Public Commendation Award:
Bella Kean and Zoe Lawrence – members of the public from Worcestershire
Bella and Zoe are 11 years old. Following a visit from Worcester Paramedic Alison Vinson to Pitmaston Primary School, the two girls went home and made their own instructions to show children how to use an AED (automated external defibrillator). The girls felt inspired to make this video in order to help other children learn and to show that children can learn the skill. Alison Vinson now uses their video to show other children in schools just how easy it is. Alison also use it as a ‘selling point’ in order to get anxious head teachers on board with the scheme. To date, their video has had about 15,000 views! We have been inundated with compliments for the girls from both the public and the media. We have even forwarded the video to a local MP to show him just how easy it was to teach CPR/defibrillation to children.
Chief Officer Commendation:
Keith Harrison – Advanced Technician, Worcester Hub
So, you’re in a Worcestershire farmyard faced with a raging bull that has just attacked a farmer. You and your colleagues get the injured farmer to safety but the bull you have managed to get into a temporary pen is keen to escape once again and go on the attack. What do you do? If you are Keith, you manage to pacify the angry animal and avoid it breaking out of a flimsy compound ensuring the safety of the patient and colleagues around you. His actions earned him high praise from his colleagues on the day.
Chief Officer Commendation:
Ben Rhodes – Advanced Paramedic, Pensnett Community Ambulance Station
In May of last year, Ben Rhodes was conveying a patient in his rapid response vehicle when he witnessed another car leave the road, colliding with a wall. That car caught fire and Ben pulled the patient from the burning vehicle.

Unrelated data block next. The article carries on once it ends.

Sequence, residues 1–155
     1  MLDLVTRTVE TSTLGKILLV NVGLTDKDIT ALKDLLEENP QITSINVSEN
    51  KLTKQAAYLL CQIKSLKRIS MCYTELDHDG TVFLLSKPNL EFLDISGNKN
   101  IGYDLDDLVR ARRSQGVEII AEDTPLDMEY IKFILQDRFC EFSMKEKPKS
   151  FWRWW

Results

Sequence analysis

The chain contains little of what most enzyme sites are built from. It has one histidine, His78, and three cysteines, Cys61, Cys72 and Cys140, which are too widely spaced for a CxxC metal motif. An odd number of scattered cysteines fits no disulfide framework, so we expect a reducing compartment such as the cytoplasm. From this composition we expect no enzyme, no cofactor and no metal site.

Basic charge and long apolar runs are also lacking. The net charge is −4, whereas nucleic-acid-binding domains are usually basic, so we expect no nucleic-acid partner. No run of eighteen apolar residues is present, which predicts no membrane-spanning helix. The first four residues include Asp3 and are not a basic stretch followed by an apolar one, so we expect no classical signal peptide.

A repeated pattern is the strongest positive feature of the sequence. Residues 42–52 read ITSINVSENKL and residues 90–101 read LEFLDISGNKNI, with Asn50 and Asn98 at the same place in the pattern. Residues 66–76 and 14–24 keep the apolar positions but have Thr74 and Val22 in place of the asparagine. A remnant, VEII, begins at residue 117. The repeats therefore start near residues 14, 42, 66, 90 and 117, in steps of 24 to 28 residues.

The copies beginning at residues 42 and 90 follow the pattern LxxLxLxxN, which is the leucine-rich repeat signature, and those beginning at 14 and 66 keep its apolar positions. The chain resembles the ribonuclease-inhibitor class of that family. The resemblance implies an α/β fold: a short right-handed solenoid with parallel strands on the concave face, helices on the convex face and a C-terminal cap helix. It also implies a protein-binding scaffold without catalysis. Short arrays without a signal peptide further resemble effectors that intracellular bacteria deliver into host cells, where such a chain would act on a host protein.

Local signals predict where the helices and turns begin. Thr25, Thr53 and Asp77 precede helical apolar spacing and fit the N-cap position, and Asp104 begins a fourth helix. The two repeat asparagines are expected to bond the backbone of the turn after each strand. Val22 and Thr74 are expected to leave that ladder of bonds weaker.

Chief Officer Commendation:
Carl Ledbury – Birmingham
Carl is given an award for his commitment over many years to the role of Ambulance Services coordinator for the Civilian Services Contingent. It has meant that the Service is represented at a range of formal engagements such as Remembrance Day at the Cenotaph in London, to more local events and celebrations.
Chief Officer Commendation:
Kerri Lowe – Student Paramedic, Stoke Hub; Rebecca Harpur – Student Paramedic, Stafford Hub: Adam Owen – Student Paramedic, Shrewsbury Hub; Jordan Rowley – Student Paramedic, Stafford Hub
In May 2015, four of our student paramedics were on their fourth week of study. Whilst travelling home they came across an incident in Himley, Dudley, where four patients, including two children, had all sustained injuries in a road traffic collision. The four student paramedics stopped and rendered aid until crews arrived. The students then remained on scene assisting the crews with patient assessment and transfer.
Chief Officer Commendation:
Stephanie Coles – Paramedic, Coventry Hub; Stephen Cooper – Technician, Coventry Hub